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Fiat Panda Cross

Fiat Panda Cross: 'Interesting-looking' Multipla spawn hits UK

What the HELL is THAT?

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Review The new FIAT Panda Cross comes to the UK in September, just in time for a “64” numberplate, and is looking to add a bit of fashion pizazz to the utilitarian nature of the original Panda 4x4.

Fiat's Panda Cross: out in the wild but not on sale until September

Everyone agrees on the looks. They are “interesting” and “brave”. That’s certainly not the same as “good” or "attractive". To my mind they ape those of the Fiat Multipla people-mover, a vehicle which often sported the rear bumper sticker “if you think this looks bad you haven’t seen the front yet”. It’s an organic, aquatic look – but more deep-sea angler fish than mermaid.

Fiat is selling the Fiat Panda Cross as being cool and trendy. It’s not aimed at farmers or people who need a 4x4 for work, but more at the Kensington fashion set who want a 4x4 ... that they can park. Fiat calls these people “City Venturers”, but they are not just people who think they have a cool active lifestyle. They are people who work in the city during the week and then genuinely do go off cycling, kayaking or kitesurfing at the weekend.

Crossing rough ground

The ELD distributes torque as needed

Of course, the farmers and country vets will buy it anyway, but that’s because it’s capable rather than easy to park in Felpersham. The sizeable gap between the wheels and arches is a sign that this is a genuine off-roader. Fashion would dictate filling that space with 17-inch rims and painted on tyres – that would have looked better, improved fuel economy and reduced road noise – but the lack of space for the wheels to move would have made yomping over rough stuff impossible.

And it’s incredibly capable, not just capable for a small car. At 370cm long and 166cm wide (excluding mirrors), it's shorter and narrower than a MINI. However, it is taller, giving more space inside – and Fiat claims the 225 litre boot is the biggest in class. There is no spare wheel which saves weight, gives you more space and means you are mullered if you hit a rock off-roading and break a rim.

The wheels are small but smart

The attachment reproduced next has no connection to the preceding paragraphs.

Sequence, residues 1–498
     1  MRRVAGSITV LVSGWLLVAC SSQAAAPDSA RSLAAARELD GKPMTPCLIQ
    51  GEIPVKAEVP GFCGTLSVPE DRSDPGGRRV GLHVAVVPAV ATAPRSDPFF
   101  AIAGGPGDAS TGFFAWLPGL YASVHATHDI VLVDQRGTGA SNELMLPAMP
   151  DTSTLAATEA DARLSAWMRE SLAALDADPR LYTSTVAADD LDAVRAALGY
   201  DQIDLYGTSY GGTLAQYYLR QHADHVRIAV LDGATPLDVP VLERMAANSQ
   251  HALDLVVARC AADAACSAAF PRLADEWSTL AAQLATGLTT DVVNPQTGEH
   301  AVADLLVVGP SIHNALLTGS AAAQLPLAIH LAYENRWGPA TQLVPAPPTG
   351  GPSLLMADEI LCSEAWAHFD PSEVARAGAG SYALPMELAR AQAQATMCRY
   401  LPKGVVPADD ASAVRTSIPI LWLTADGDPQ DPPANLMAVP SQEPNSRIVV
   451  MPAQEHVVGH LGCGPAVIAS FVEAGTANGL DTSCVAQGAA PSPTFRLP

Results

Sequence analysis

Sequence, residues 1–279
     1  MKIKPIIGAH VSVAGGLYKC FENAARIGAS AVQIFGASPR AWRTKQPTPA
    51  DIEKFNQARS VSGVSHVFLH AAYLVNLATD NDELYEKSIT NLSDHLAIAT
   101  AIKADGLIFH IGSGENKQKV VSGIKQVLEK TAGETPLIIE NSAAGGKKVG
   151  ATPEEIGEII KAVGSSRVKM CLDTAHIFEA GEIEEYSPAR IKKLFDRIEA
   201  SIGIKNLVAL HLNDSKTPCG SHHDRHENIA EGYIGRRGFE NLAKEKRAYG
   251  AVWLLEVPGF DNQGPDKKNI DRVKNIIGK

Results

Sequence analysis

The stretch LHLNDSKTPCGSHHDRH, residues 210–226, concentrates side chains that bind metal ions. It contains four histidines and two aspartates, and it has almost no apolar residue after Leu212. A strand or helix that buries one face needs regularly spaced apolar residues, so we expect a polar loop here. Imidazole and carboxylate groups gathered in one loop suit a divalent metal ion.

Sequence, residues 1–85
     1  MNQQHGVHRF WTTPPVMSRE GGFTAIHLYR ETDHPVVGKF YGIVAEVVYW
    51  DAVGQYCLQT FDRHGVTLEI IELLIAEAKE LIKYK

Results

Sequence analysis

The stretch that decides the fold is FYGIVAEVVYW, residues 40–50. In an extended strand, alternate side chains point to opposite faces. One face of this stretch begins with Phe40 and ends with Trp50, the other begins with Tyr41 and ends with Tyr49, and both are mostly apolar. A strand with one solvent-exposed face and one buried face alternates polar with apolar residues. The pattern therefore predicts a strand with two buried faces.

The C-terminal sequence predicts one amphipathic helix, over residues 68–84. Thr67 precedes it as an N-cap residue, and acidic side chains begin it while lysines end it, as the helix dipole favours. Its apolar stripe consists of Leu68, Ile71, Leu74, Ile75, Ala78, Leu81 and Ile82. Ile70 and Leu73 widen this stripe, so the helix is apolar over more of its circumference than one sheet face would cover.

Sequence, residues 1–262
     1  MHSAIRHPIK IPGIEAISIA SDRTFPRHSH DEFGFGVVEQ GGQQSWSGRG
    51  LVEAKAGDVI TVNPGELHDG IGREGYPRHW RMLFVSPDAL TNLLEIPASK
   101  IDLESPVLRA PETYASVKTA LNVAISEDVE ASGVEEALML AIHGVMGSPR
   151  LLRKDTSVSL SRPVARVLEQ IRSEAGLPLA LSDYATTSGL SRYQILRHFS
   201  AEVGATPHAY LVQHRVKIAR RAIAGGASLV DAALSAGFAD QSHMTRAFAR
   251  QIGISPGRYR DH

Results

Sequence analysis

Lots of clearance means good articulations

The pug features come from pragmatically high fog lights and a huge skid plate. The combination of good ground clearance at 160mm and short overhangs enables the little Panda to climb hills with an approach angle of 24° – the exit angle 34° and the ramp angle is 21°.

By comparison, a Porsche Cayenne – which is much taller and has very much bigger wheels – has an approach angle of 27° and departure angle of 25°. This means the Panda will get down slopes the Porsche cannot. And if an incline proves a little too much, there are bright red tow hooks on the front which can be used to haul the thing up.

Red tow hooks are fashion and function

Skid plate and tow hooks are a statement of intent

Fiat has been very successful with yellow cars (there was a wonderful TV advert with a girl in a yellow dress getting into a yellow Fiat) and Fiat has chosen Sole Yellow as the launch colour. The other colours that will be available are Passione Red, Cappuccino Beige, Gelato White, Cinema Black and Toscana Green.

Unfortunately, the 14 Fiat Panda Crosses at the press event were all yellow. So while this is great for playing the “Yellow Car” game, it’s not so good for imagining what it would look like in another colour. Fiat’s yellow is very yellow and I can’t help thinking that with so much black plastic, the red-and-black would look less in your face.

inside the fiat

The front is a good place to be

Inside, it’s more stylish than the traditional Fiat Panda 4x4 utility with faux-leather on the doors and the word “Cross” emblazoned on the seats. There is a copper tone dashboard to no doubt match the copper tone yummy mummies who form a key component of the City Venturers.

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Next page: Torque talk

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